The Payment Systems Regulator (PSR) has issued a call for Input on competition issues that could arise in the UK’s New Payments Architecture (NPA)
The regulator is inviting all interested parties to respond to a ‘call for Input’ which seeks to gather feedback on the likelihood of competition issues materialising in the NPA and how harmful or significant they could prove to be.
The overall aim is to provide greater clarity and more detail on the PSR’s expectations, concerns and regulatory approach.
Ultimately, the PSR will publish a ‘Policy Statement’ to explain what bidders, participants and other users can expect from the regulator as the NPA becomes a reality. The PSR expects to publish this statement before the end of 2020.
The PSR is the regulatory and concurrent competition authority for payment systems in the UK and all participants in those payment systems. This includes payment service providers, operators and infrastructure providers to those payment systems.
The NPA is the UK payments industry’s proposed new way of organising the clearing and settlement of payments between banks, known as interbank payments.
The importance of the NPA
“The importance of the NPA should not be underestimated. It is a once-in-a-generation change to the very fabric of the UK’s interbank payment systems,” the PSR says. “It will facilitate the development of services that make transactions safer and give everyone more control over who, when and how they pay.”
Whether paying employee wages, or transferring money to a friend using internet banking, interbank payments are a key part of everyday life for businesses and consumers alike.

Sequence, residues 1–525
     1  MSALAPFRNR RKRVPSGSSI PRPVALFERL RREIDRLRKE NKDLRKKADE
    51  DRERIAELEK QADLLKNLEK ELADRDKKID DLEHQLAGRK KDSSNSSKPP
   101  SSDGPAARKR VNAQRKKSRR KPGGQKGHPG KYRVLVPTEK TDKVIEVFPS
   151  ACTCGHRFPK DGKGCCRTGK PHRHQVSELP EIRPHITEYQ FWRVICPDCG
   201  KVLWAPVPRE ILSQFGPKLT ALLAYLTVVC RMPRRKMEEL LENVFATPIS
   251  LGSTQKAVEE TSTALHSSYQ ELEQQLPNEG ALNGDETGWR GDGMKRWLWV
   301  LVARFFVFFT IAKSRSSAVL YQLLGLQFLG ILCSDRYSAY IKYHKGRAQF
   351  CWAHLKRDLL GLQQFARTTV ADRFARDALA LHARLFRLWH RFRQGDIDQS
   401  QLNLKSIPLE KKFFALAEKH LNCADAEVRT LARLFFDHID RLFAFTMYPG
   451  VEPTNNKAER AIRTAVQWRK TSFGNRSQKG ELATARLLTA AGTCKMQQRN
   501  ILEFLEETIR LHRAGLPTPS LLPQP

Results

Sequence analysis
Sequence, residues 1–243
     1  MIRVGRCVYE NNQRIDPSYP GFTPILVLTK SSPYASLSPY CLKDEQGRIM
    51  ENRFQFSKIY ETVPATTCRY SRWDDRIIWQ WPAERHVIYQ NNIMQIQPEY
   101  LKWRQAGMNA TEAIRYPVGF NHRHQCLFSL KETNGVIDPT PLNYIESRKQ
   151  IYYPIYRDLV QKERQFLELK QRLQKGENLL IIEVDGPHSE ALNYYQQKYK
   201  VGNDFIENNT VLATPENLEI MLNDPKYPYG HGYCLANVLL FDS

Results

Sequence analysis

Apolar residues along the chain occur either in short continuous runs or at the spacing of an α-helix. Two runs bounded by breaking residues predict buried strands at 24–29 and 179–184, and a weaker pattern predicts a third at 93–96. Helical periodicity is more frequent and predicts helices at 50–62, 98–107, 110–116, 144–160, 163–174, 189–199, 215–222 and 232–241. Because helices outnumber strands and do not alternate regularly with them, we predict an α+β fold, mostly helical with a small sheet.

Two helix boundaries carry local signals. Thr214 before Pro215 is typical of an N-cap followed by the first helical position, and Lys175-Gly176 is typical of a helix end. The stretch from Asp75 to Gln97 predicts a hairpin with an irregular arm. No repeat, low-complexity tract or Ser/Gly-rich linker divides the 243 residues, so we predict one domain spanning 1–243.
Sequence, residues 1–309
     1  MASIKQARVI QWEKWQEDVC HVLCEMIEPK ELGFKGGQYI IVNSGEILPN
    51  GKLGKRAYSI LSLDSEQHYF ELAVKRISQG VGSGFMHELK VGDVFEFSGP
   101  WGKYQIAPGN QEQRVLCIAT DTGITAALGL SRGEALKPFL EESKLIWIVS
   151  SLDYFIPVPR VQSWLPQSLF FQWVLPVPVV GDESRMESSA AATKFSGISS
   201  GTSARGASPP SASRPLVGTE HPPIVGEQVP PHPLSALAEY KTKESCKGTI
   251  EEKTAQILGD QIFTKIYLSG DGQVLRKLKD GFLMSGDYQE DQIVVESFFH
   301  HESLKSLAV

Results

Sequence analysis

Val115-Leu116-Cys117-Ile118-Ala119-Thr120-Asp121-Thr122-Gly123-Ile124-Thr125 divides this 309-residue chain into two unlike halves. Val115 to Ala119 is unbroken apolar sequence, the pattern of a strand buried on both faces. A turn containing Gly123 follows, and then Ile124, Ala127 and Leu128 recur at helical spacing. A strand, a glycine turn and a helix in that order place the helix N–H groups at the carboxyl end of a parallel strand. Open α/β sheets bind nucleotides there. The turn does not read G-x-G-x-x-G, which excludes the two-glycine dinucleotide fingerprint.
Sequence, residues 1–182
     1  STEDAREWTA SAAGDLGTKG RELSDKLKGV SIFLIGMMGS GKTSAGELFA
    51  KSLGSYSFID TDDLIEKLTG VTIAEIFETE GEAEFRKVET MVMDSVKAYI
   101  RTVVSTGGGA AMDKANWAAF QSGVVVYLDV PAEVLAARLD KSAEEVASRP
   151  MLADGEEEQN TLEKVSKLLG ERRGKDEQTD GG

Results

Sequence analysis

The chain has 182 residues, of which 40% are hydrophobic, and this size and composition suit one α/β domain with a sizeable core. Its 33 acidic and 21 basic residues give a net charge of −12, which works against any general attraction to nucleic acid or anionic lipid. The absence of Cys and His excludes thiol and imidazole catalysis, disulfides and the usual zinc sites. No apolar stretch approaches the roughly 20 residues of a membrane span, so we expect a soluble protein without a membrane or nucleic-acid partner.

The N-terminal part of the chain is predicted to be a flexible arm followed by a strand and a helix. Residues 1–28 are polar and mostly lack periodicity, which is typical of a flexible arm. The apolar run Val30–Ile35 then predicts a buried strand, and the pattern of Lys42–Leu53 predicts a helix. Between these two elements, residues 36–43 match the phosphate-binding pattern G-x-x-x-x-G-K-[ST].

The PSR says it wants to see the NPA delivered in a way that drives innovation in payment systems and benefits the people and businesses who use them. This can be done by boosting competition between existing and new payments services as well as enhancing resilience and security in payments.
The payment systems infrastructure
The payment systems infrastructure is the network through which payments are cleared and settled. Thanks to this network, funds can be transferred and payments be made to other people and organisations.
Without this network, salaries would not be paid into bank accounts, cards would not be able to withdraw cash from ATMs. Recurring bills would not be paid, and items would not be able to be purchased from retailers – both in-store and online.
Chris Hemsley, Managing Director of the PSR, commented: “The renewal of the UK’s interbank payments infrastructure, through the NPA, has the potential to deliver innovative new services and products for businesses and consumers.”